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April 30, 2016 at 4:07 pm

Inside Higher Ed Interviews Lee on New Book ‘Class and Campus Life’

Dr. Elizabeth Lee

Dr. Elizabeth Lee

Dr. Elizabeth Lee, Assistant Professor of Sociology at Ohio University, recently discussed her “new book about class inequality at an elite university” with Inside Higher Ed’s Josh Logue in an article on “Class and Campus Life.”

Class and Campus Life Book Cover“Campus protests have triggered wide-ranging discussion and debate about race. And, because some of the most prominent protests have unfolded at universities like Yale, Princeton and Harvard Universities, those discussions have touched on the experience of minority students at elite, wealthy institutions. While class is often implicated in those debates, it is rarely the focus. Elizabeth Lee seeks to inject issues of class into campus discourse with her new book, Class and Campus Life: Managing and Experiencing Inequality at an Elite College(Cornell University Press). In it, she describes the experiences of students with lower socioeconomic status at a wealthy women’s college that she does not identify but refers to as Linden. The book illustrates a variety of ways in which class inequality influences students, the institution itself and the interplay between the two,” writes Logue.

Here’s one question from the interview:

Q: The identity of the college where you spent two years researching this book is disguised, as are all the other names in the book, but you do describe it as “a selective women’s liberal arts college located in the Northeast” that is “elite” and “offers plenty of financial aid.” I wonder how many of the dynamics you observed are likely to be similar on different kinds of campuses — large publics, less wealthy privates, etc.?

A: I do think there are some differences — one prominent one being that at a large campus, there may be room for a wider variety of social niches and more anonymity. However, having spent time at institutions very different than the one I studied (the University of Pennsylvania, a large private campus in a city that’s also predominantly affluent students, where I went to grad school; and Ohio University, a large public campus in a small town that’s less markedly affluent but nonetheless majority non-first[-generation], where I now work) — I see some aspects that are similar.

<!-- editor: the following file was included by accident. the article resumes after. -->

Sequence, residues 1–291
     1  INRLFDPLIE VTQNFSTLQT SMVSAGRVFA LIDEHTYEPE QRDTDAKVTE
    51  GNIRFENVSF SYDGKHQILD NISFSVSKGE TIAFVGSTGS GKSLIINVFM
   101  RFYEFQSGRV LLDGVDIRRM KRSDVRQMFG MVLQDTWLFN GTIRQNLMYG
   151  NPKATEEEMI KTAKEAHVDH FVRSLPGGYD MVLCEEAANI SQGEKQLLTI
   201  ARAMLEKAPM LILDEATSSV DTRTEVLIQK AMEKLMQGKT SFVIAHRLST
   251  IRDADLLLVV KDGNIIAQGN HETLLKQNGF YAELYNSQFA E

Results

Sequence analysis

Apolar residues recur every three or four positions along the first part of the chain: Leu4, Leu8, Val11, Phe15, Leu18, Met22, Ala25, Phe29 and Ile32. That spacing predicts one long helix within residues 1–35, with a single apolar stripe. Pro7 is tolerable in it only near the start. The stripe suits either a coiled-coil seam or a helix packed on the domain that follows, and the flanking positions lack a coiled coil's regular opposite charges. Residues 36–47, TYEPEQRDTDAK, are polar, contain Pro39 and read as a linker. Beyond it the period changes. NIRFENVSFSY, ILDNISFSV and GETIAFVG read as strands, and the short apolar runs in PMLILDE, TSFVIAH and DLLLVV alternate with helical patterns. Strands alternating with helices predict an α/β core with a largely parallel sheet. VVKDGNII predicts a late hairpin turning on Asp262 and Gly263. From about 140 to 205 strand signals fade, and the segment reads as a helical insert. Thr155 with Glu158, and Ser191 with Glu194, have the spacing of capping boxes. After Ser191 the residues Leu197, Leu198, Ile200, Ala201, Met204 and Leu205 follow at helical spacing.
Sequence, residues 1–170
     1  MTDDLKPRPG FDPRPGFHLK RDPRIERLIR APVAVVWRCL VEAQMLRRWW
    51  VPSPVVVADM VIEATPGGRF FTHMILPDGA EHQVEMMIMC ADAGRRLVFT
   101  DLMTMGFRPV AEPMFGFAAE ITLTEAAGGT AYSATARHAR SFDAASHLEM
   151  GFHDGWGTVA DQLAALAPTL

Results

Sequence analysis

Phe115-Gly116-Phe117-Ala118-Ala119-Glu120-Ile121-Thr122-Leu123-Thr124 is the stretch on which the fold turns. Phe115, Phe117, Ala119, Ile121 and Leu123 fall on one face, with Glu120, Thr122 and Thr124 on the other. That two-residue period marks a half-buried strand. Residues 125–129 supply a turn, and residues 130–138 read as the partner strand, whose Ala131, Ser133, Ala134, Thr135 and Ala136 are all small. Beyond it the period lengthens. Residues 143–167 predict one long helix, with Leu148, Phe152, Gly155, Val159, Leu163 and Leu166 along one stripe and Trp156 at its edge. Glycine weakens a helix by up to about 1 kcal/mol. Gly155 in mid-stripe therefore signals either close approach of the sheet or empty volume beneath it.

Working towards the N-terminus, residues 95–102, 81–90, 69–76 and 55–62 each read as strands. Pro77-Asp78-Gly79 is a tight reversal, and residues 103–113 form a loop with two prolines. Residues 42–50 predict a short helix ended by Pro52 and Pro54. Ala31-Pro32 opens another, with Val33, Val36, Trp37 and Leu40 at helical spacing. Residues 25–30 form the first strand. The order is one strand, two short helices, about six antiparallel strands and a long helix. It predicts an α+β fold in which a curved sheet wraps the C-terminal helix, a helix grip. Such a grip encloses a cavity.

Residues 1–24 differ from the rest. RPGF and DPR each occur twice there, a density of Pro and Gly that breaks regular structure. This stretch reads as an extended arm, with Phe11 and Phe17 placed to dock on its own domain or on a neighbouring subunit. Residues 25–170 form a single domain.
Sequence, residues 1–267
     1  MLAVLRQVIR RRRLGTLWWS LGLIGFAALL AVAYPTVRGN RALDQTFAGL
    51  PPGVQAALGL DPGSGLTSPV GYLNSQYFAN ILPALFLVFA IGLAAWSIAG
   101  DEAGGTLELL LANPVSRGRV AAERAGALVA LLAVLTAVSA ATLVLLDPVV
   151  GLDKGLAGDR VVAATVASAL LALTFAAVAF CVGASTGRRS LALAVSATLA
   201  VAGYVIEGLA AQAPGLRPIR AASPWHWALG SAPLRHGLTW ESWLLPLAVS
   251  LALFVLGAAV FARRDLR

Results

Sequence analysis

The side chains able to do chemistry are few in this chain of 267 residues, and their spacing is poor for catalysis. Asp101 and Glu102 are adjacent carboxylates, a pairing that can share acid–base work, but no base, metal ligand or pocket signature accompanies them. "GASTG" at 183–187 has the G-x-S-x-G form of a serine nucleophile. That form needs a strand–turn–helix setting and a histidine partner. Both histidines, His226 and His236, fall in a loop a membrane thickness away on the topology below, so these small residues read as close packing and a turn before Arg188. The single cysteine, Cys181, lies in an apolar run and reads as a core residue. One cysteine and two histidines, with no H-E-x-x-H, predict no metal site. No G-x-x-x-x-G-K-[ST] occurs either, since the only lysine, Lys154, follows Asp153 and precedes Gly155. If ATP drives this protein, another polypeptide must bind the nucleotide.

One example that was a little surprising to me is the language around community. I talk in the book about the contrast between the image of college as community, or even family, while also feeling like an outsider. This was really prominent at Linden, which is a small campus, and it was something I thought might be quite different at a larger campus. However, Ohio University uses very similar language, and my students there talk about the very emotional expectations for college life — not only as the “best four years” but also of the friendships and close ties you’ll make there. That contradiction is frustrating for low-SES students: on the one hand, campus is shown as this inclusive community where people are forming lifelong friendships, but on the other hand you’re partially excluded. Some issues I write about are actually amplified at other campuses. For example, the ways in which students try to manage their social lives in a setting where most of their peers have more money than they do. Linden has a pretty campus-based social system. At a campus like Penn, by contrast, there are much more immediate ways to spend money because of the close proximity to Philly’s downtown, whether it’s dinner or clothes or nightclubs.

Read the rest of the interview in Inside Higher Ed.

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